Turkey is continuing to support safe zones for the increasing number of displaced civilians fleeing war however, it’s urging them to stay in northern Syria, the director of the Turkish disaster management agency (AFAD), Fuat Oktay said.
Oktay told Reuters on Friday that Turkey will keep their aid camps and will not shut its borders to war-fleeing refuges.
Although Turkey has the best-equipped facilities in their refugee camps, close to the Syrian border, there is limited space, with just enough capacity to hold 330,000 people in total.
The European Union is putting pressure on Turkey to prevent refugees from leaving Turkey or using Turkey as a passage to enter European countries. By doing so, Turkey will assist Europe to stem the biggest migration crisis that it has faced since World War Two. In exchange the EU is offering financial support and expedited membership - which have been continuing for 52 years - into the EU.
Since the war in Syria has started Turkey has hosted over two million Syrian refugees, more than any other country thus far, according to United Nation registration records.
"An open-border policy is the main policy we have been following since the beginning of this crisis ... but the entire world including Europe has to open its doors for the refugees, it's not just for Turkey," Fuat Oktay said.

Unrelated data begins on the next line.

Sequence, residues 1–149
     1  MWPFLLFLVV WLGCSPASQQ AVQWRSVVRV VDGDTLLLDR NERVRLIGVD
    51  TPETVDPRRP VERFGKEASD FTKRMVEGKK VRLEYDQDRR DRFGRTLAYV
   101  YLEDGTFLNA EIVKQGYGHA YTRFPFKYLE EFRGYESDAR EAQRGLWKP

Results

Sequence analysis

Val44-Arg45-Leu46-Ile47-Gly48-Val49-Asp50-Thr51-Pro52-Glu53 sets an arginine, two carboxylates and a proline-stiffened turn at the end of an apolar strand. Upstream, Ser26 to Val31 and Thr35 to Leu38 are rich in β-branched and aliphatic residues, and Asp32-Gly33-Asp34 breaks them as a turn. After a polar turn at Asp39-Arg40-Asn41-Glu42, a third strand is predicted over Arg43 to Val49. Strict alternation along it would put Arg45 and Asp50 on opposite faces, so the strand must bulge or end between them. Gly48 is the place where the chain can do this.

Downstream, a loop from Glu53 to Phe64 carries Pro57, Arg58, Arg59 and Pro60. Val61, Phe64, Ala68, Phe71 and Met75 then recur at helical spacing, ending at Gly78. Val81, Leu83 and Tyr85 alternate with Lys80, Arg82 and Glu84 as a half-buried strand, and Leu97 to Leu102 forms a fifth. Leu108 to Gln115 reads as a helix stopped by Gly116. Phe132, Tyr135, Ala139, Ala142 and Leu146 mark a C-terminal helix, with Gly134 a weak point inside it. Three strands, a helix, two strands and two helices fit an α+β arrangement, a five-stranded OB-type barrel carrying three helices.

The agency is also supporting camps for displaced civilians in northern Syria.
"Any individual would like to stay in his or her country... [We] promote them to stay in their own country," Oktay said and added that "AFAD has supplied aid in Syria since the crisis broken out."
Turkey has been throwing the idea of a “safe zone” in northern Syria to protect displaced civilians for a period of time now, however the idea is gaining little global support.
In the meantime, Turkey, Bulgaria and Greece decided to work together over immigration within the context of project which is "Regional Cooperation Border and Management among Turkey, Greece and Bulgaria Project" being held by the International Organisation for Migration (IOM).
Emrah Guler, an IOM project officer in Turkey, told Anadolu Agency that "information exchange is very important between the neighbouring countries on irregular immigration. If the three countries work without knowledge of each other, it effects both illegal migrants and refugees."
The war in Syria has to date claimed the lives of an estimated 250,000 people, most of whom were killed by regime air strikes and indiscriminate barrel bombings from helicopters on civilian areas.
Approximately half the country’s population has been displaced, with around 6.7 million seeking refuge elsewhere in Syria and 5 million moving into neighbouring countries such as Turkey, Egypt, Lebanon and Jordan.
This year around half a million refugees, mostly Syrians, have entered Europe, hoping to gain asylum in economically well-off EU countries.
However, at least 2,636 people have died as they attempt to enter Europe in 2015 according to UNCHR figures.